Remember Alan Hruska, the former Cravath, Swaine & Moore partner turned playwright, novelist and filmmaker? Recently, the 83-year-old former litigator opened his play “Ring Twice for Miranda” at City Center in New York, a highly prestigious off-Broadway venue.
Let me give you three quick reasons why you should see it. First, it’s pretty good theater (the writing is witty, and the actors are terrific, particularly Katie Kleiger, who plays the title role); second, the play feels extremely timely (a self-absorbed leader rules over his anxious subjects—need I say more?); and third, it’s by one of us.
I know that third reason might seem the least convincing. But speaking as someone who felt miscast as a lawyer, I think we should all support lawyers pursuing second acts. It’s the least we can do for those creative souls trapped in a soulless profession. (I’m projecting here, because Hruska tells me he was actually quite happy at Cravath.)
So let’s get back to the play. It’s fundamentally about power: how it’s used to terrorize, manipulate and seduce. The plot revolves around the curious relationship between an aloof, capricious ruler (Sir) and a spirited young woman who works for him as a maid (Miranda). Set in desperate times (“People are hungry out there, cold at night. Many are leaving.”), the play is darkly amusing, in the tradition of Samuel Beckett, of whom Hruska is an aficionado. (His direction of an off-Broadway production of “Waiting for Godot” in 2005 garnered attention from major critics and put him on the map.)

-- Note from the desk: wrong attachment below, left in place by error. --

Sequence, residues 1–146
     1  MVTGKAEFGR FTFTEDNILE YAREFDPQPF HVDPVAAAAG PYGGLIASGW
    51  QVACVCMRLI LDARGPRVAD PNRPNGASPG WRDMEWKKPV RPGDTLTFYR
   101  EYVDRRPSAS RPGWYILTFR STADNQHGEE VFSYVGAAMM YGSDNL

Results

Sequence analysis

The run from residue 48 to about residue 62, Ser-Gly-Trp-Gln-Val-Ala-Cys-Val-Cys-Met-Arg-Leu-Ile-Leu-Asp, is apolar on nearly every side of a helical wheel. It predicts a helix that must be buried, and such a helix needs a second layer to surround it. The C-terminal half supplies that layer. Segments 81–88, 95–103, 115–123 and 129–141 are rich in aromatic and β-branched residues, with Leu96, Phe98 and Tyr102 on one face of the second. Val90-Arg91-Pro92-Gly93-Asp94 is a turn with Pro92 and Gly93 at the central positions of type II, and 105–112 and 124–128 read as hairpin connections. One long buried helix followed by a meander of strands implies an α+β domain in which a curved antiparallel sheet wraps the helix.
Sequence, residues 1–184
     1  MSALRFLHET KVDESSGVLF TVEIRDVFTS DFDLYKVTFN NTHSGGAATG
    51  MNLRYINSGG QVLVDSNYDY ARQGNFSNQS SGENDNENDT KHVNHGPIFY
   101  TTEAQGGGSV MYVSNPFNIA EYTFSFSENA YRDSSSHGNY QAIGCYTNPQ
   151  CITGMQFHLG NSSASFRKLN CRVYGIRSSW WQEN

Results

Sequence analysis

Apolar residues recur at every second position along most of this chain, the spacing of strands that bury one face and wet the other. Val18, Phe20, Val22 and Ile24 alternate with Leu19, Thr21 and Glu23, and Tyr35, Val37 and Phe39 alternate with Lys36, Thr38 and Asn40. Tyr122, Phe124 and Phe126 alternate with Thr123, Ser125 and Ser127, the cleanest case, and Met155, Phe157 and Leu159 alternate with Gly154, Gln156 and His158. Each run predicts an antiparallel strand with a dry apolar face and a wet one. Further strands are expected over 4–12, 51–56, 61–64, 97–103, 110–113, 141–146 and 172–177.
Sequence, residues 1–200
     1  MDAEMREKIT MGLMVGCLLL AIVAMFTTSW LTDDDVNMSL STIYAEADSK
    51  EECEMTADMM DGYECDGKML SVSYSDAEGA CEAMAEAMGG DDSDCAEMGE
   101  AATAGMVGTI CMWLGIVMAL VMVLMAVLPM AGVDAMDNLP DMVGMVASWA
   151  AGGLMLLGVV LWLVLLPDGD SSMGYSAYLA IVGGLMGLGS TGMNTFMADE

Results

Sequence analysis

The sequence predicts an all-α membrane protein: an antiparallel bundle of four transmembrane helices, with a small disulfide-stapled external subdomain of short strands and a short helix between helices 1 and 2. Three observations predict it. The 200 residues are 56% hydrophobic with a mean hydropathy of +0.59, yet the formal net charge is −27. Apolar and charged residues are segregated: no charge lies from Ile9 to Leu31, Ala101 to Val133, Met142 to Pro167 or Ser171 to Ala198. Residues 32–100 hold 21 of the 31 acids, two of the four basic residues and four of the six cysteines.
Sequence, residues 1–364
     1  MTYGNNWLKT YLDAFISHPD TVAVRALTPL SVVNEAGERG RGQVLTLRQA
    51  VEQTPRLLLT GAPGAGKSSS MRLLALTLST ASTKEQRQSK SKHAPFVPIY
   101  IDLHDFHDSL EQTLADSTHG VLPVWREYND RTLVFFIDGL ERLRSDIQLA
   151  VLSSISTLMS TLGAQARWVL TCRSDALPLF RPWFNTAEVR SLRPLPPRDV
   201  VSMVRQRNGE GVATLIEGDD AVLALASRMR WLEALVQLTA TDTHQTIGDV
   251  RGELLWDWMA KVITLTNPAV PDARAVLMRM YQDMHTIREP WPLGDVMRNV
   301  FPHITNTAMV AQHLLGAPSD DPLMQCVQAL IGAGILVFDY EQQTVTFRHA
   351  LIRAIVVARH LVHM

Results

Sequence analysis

Of course, you can’t watch five minutes of it without thinking that the dystopia Hruska portrays is about our current era. Except that the play was written before anyone thought Trump was a viable political figure. (Hruska finished it over six years ago—in three weeks!)
“I did think of the political implications,” says Hruska about the Sir character, “but not this one”—meaning Trump.
Indeed, Hruska says the Sir character describes many in power. And, yes, he’s drawing from his 44 years in law.
“My lengthy practice brought me in touch with people who are pathologically narcissistic. They’re usually associated with heads of state or captains of industry, but I find them with any group. These are people who need power; they go out and get it, then impose it in awful ways.”
And might lawyers fall into that category—possibly some of his Cravath partners? He doesn’t deny it, though he says Sir is a “composite of individuals.” Everyone has encountered a Sir character in their lives, he says: “Someone who’s funny, charming and charismatic, but then there’s the darker side.”
Like the two hapless protagonists Vladimir and Estragon in “Waiting for Godot,” the characters in his play have little control over their lives. “Instead of waiting for Godot, they’re working for him,” says Hruska. “In a sense, we all work for the man.”
And what lawyer can’t relate to that message?
Contact Vivia Chen at firstname.lastname@example.org. On Twitter: @lawcareerist.